Dapagliflozin

A Novel Sodium-glucose Cotransporter Type 2 Inhibitor for the Treatment of Type 2 Diabetes Mellitus

Niren K. Shah, Pharm.D.; Wasim E. Deeb, M.D.; Rushab Choksi, Pharm.D.; Benjamin J. Epstein, Pharm.D.

Disclosures

Pharmacotherapy. 2012;32(1):80-94. 

In This Article

Pharmacology and Pharmacokinetics

Dapagliflozin is a potent, highly selective, reversible, and orally active inhibitor of the SGLT2 receptor.[38] Based on in vitro studies, dapagliflozin exhibits a mean inhibitory potential (EC50) of 1.12 nmol/L against human SGLT2 and an EC50 of 1391.00 nmol/L against human SGLT1, representing a highly selective profile for SGLT2 versus SGLT1 (~1200-fold).[39,40] Dapagliflozin minimally inhibits the facilitative glucose transporters GLUT1 and GLUT2, and modestly inhibits GLUT4.

As a result of this mechanism profile, dapagliflozin produces dose-dependent and sustained plasma glucose lowering by promoting urinary glucose excretion.[39] A reduction in both fasting and postprandial glucose concentrations results in the consumption of fat as an energy source.[41–43] Chronic SGLT2 inhibition with dapagliflozin results in reduced hepatic glucose production, increased insulin sensitivity, enhanced glucose influx into the liver, and improvements in islet morphology without reductions in β-cell mass, although these mechanisms have not been fully elucidated. Dapagliflozin also shows dose-dependent decreases in body weight, proposed to be secondary to caloric loss as a result of glucosuria and an osmotic-diuretic effect.[44,45]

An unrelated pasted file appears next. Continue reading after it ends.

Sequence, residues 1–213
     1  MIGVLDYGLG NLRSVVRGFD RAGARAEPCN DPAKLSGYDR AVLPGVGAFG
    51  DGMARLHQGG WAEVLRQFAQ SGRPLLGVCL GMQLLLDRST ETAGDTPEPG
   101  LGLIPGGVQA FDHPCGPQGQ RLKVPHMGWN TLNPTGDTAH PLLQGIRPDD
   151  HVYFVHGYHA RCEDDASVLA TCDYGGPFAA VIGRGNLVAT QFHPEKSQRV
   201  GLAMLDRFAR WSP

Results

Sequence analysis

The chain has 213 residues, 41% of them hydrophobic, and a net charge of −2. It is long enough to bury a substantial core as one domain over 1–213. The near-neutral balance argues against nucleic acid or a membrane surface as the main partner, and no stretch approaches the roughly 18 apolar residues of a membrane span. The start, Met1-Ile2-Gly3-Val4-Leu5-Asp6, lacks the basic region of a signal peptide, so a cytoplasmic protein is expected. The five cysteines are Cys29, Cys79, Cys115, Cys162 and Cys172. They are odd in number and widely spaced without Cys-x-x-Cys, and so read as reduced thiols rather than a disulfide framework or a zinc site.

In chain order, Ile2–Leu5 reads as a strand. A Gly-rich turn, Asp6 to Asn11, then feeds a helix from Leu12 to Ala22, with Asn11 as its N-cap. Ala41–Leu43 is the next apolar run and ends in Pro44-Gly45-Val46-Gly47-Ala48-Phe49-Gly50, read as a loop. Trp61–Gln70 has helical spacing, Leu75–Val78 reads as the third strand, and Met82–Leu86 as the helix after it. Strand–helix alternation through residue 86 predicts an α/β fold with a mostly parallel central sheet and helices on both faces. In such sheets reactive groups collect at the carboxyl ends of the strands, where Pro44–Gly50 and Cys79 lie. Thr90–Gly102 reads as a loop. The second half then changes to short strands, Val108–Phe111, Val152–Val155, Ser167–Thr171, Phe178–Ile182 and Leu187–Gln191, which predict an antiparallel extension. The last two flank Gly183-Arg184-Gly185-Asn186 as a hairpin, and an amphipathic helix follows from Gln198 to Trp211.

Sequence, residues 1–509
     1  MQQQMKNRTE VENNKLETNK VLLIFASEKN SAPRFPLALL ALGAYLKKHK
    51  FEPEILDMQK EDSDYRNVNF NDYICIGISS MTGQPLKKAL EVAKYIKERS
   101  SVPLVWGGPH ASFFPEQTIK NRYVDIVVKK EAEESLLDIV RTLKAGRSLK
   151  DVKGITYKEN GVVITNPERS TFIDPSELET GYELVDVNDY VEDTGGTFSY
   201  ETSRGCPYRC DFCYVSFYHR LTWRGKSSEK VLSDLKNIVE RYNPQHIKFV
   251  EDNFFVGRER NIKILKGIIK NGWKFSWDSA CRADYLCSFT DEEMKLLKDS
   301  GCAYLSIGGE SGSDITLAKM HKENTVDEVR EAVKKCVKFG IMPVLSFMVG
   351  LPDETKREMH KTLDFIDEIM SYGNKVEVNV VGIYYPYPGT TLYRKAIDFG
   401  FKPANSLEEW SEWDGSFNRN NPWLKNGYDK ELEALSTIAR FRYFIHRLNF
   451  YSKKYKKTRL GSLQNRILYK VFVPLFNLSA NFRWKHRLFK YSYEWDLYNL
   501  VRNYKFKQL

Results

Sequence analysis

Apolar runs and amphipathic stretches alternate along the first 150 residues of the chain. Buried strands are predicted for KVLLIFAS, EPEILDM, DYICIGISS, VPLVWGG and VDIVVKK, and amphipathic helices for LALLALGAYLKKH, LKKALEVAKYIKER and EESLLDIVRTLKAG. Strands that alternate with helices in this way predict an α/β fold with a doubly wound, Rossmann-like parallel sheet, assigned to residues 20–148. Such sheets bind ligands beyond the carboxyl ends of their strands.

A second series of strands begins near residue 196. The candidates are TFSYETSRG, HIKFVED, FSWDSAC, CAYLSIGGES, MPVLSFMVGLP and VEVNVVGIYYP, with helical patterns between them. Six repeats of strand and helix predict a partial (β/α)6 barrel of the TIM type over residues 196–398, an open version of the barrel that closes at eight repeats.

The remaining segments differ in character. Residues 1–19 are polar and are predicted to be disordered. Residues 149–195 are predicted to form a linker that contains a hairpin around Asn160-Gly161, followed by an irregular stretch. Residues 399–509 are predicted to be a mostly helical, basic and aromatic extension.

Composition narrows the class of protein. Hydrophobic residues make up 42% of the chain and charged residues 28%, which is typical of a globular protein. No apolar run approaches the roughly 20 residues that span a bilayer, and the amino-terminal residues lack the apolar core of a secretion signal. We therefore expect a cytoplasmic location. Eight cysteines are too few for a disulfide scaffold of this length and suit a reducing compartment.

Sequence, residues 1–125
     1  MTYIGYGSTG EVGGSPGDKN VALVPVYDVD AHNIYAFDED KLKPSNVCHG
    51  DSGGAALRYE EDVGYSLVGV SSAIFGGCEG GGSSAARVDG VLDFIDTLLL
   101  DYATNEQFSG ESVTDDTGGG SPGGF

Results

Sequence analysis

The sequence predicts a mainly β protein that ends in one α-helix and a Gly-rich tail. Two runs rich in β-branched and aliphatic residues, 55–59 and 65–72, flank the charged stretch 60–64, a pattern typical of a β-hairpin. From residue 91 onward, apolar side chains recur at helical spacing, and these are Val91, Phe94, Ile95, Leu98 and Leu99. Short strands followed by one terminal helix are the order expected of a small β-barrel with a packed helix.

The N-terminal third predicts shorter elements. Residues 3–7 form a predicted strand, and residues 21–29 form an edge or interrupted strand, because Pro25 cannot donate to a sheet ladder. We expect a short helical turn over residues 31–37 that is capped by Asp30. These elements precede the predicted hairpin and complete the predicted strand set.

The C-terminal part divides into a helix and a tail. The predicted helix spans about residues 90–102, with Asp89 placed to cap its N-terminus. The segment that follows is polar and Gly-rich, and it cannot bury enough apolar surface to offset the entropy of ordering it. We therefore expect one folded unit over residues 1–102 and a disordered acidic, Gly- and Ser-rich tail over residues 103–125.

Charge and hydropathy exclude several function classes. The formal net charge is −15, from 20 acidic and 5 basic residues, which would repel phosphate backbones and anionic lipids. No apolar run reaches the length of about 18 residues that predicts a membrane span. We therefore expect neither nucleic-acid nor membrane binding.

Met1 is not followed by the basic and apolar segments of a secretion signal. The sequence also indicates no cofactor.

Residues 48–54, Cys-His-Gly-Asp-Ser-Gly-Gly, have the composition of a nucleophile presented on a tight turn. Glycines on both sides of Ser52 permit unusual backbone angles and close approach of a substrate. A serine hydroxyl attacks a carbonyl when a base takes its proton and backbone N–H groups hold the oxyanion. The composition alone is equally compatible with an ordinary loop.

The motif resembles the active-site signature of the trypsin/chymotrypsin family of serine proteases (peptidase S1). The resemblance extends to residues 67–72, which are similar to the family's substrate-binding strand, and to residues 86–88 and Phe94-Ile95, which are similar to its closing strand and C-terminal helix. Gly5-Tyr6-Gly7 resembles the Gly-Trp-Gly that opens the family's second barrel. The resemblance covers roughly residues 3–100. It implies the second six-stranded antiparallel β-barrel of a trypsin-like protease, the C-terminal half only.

Table 1 lists the pharmacokinetic parameters of dapagliflozin. Dapagliflozin demonstrates linear pharmacokinetics and is rapidly absorbed after oral administration.[46] It is highly protein bound in plasma (91%) and has limited distribution into human erythrocytes (blood:plasma ratio 0.88).[46] Because of its C-glucoside chemical structure, dapagliflozin is metabolically stable and exhibits a long half-life (13.8 ± 9.4 hrs), allowing for once-daily dosing.[46] Dapagliflozin is predominantly metabolized by uridine diphosphate–glucuronosyltransferase 1A9 into non–pharmacologically active glucuronides in human hepatocytes.[38,46] In vitro studies have identified an O-deethylated active metabolite (BMS-511926) of dapagliflozin, which has similar SGLT2 inhibitory values as dapagliflozin.[38] However, BMS-511926 is only present with dapagliflozin doses greater than 50 mg secondary to its low area under the concentration-time curve (AUC).

There were no relevant interactions noted between dapagliflozin and substrates of cytochrome P450 (CYP) isoenzymes and P-glycoprotein (P-gp), or due to plasma protein binding.[38,46] It is expected that drugs interacting with CYP isoenzymes or P-gp transporters will not interfere with dapagliflozin activity, and no dosage adjustment of either drug will be necessary. A recent study showed that coadministration of dapagliflozin with pioglitazone, metformin, glimepiride, or sitagliptin did not affect AUC or the maximum plasma concentrations of either drug.[47]

Renal excretion is a minor elimination pathway for dapagliflozin and its metabolites.[38] In healthy subjects, food has only a modest effect on the pharmacokinetic profile of dapagliflozin. A high-fat meal did not produce meaningful changes in urinary glucose excretion.[38]

Comments

3090D553-9492-4563-8681-AD288FA52ACE
Comments on Medscape are moderated and should be professional in tone and on topic. You must declare any conflicts of interest related to your comments and responses. Please see our Commenting Guide for further information. We reserve the right to remove posts at our sole discretion.

processing....